Pandor challenges universities to ensure students complete studies

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Higher education institutions must ensure that students who enter the system, complete their studies. This is the message delivered by Higher Education Minister, Naledi Pandor, who was speaking at the University of South Africa’s 145th anniversary celebration.

Former South African President and Chancellor of the University, Thabo Mbeki, was among the dignitaries who attended the event.

UNISA was established as part of Fort Hare University in 1783. Now, over a hundred years later, it is the biggest university in Africa.

As a long distance learning institution, which has adapted to technological developments, it boasts students from all over the world.

While prospective students are able to apply and register online, the university also runs some course tutorials online. Higher Education Minister, Naledi Pandor, has acknowledged the institution’s contribution.

“In South Africa, at present, distance education accounts for just over one third of university enrolments with the vast majority of distance enrolments at this very university -UNISA. Over it’s 145 year history UNISA has provided opportunities for a diverse range of students to access university studies, particularly those who could not of who were prevented from accessing traditional pathways.”

The outgoing UNISA SRC president, Zandile Sodladla, has called for a greater appreciation of student activism on campuses across all tertiary institutions. She was invited to deliver a message of support on behalf of students. Sodladla says all too often, student activists feel that they are targeted and victimised by management.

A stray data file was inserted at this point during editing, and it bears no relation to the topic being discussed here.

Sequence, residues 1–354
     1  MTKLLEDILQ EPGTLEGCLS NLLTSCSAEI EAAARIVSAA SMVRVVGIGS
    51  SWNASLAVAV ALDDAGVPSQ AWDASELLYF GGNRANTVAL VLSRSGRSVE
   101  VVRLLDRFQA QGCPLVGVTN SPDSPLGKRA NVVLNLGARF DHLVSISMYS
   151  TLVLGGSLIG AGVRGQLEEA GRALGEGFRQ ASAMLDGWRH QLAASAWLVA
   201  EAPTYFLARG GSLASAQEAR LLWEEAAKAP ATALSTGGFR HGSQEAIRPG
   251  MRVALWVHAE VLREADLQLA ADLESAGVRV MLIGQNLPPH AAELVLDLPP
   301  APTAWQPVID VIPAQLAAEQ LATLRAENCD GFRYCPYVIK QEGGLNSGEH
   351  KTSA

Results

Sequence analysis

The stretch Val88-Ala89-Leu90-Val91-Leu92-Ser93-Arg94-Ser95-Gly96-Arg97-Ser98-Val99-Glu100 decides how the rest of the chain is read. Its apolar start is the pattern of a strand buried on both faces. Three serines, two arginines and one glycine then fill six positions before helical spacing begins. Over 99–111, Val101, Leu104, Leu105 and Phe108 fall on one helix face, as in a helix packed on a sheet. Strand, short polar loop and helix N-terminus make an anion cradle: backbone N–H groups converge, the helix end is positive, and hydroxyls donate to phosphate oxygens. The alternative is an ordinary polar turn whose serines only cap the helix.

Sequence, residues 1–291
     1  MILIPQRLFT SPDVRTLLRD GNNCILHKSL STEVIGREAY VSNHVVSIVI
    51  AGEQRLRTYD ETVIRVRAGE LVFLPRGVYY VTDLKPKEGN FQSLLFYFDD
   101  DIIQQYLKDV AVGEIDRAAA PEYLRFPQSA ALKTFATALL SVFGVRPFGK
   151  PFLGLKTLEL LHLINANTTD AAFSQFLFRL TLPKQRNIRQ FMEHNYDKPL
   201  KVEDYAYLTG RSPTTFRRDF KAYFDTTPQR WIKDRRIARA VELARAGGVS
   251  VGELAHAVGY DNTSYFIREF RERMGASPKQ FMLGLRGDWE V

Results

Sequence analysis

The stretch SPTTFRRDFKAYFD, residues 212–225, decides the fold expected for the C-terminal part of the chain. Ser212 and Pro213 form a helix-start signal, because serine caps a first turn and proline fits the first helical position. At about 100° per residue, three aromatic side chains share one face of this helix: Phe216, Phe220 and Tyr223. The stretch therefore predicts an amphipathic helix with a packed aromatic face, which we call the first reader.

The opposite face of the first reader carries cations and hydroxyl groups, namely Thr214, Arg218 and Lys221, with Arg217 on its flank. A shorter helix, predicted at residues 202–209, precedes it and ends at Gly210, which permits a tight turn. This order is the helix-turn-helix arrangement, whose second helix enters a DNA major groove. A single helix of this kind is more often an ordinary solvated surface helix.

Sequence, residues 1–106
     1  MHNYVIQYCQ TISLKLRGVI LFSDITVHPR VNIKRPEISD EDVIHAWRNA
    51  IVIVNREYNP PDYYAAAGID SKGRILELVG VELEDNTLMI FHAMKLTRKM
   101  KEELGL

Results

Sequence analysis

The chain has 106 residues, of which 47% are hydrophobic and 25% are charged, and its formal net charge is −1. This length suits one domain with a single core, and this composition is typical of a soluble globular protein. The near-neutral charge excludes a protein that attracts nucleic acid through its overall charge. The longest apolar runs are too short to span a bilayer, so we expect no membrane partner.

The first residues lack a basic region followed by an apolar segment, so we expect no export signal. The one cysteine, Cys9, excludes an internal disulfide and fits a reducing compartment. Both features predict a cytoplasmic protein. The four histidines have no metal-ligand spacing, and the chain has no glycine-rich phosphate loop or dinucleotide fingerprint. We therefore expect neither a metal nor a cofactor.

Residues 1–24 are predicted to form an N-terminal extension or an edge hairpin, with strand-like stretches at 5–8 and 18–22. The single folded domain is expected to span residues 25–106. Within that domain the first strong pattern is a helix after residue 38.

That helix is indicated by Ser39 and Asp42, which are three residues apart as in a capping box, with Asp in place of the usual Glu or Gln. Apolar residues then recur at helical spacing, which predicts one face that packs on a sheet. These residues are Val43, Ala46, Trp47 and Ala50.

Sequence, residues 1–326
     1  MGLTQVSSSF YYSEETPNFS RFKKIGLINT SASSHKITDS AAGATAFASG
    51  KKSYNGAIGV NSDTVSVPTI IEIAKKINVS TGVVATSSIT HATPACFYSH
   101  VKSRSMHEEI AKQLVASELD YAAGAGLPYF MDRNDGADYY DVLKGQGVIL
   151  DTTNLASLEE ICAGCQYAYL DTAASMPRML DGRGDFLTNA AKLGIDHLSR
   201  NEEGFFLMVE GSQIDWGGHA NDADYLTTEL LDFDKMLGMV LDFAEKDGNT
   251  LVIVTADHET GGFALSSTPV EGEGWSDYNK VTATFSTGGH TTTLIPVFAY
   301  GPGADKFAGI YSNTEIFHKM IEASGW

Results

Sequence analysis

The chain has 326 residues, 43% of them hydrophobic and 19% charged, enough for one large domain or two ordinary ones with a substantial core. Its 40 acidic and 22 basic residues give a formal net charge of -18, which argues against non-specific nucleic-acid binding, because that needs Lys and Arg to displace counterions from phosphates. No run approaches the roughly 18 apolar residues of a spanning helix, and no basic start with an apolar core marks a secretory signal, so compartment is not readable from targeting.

“We are here because of students activism. The SRC are bone of students activism. If ever there was nostudents activism, there won’t be SRCs and it was not going to be dotted in the DHET act that SRCs must be there. Because of students activism the srcs were born. So we are here today because of that and at UNISA the role that the SRCs plays is quite huge.”

Former South African President and Chancellor of the University, Thabo Mbeki, says UNISA is on the right path to becoming a pure African university. He has encouraged current students, staff and management to forge ahead in this pursuit.

“It is in the context of imagined future that all of us will work to live up to the vision of reconstructing UNISA as practically the African university that I am honoured to salute all of those, staff, students, management and workers of UNISA who will be the architect of this outcome.”

Meanwhile, Minister Pandor says UNISA has contributed significantly to the enlightenment of, especially, Africans over the years. She has challenged tertiary institutions to ensure that students complete their university studies. She says the country cannot afford to waste its human resources.

“One of the first challenges is the university all in it’s systems practices and support intervention must embrace the fact that access must result in success. Too many students are entering our universities to fail. We cannot afford such a waste of human resources.”

UNISA is one of the oldest universities in the country, through which many prominent people have obtained their qualifications, including the late former President Nelson Mandela. He graduated with an LLB Degree from the institution.

The university has also conferred honourary doctorates to well know people such as the late poet, Professor Keorapetse Kgosietsile, former Minister Zola Skweyiya and the world-renowned musician, Hugh Masekela.